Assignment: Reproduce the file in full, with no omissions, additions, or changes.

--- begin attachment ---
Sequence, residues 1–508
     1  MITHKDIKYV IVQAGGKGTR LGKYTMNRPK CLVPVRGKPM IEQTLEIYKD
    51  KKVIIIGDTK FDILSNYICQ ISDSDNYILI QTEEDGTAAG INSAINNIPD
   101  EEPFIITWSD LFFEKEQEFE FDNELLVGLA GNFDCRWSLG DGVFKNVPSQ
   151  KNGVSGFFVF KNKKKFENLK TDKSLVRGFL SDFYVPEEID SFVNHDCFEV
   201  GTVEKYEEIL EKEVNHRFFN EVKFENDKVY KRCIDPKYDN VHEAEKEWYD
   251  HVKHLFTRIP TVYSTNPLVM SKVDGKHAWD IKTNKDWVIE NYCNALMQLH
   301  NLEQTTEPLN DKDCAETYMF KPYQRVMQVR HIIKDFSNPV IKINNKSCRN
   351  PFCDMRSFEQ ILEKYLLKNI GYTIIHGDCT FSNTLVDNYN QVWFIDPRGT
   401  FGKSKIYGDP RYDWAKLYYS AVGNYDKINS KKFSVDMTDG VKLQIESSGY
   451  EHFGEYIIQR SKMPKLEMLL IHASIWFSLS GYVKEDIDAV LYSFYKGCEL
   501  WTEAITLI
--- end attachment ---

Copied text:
Sequence, residues 1–508
     1  MITHKDIKYV IVQAGGKGTR LGKYTMNRPK CLVPVRGKPM IEQTLEIYKD
    51  KKVIIIGDTK FDILSNYICQ ISDSDNYILI QTEEDGTAAG INSAINNIPD
   101  EEPFIITWSD LFFEKEQEFE FDNELLVGLA GNFDCRWSLG DGVFKNVPSQ
   151  KNGVSGFFVF KNKKKFENLK TDKSLVRGFL SDFYVPEEID SFVNHDCFEV
   201  GTVEKYEEIL EKEVNHRFFN EVKFENDKVY KRCIDPKYDN VHEAEKEWYD
   251  HVKHLFTRIP TVYSTNPLVM SKVDGKHAWD IKTNKDWVIE NYCNALMQLH
   301  NLEQTTEPLN DKDCAETYMF KPYQRVMQVR HIIKDFSNPV IKINNKSCRN
   351  PFCDMRSFEQ ILEKYLLKNI GYTIIHGDCT FSNTLVDNYN QVWFIDPRGT
   401  FGKSKIYGDP RYDWAKLYYS AVGNYDKINS KKFSVDMTDG VKLQIESSGY
   451  EHFGEYIIQR SKMPKLEMLL IHASIWFSLS GYVKEDIDAV LYSFYKGCEL
   501  WTEAITLI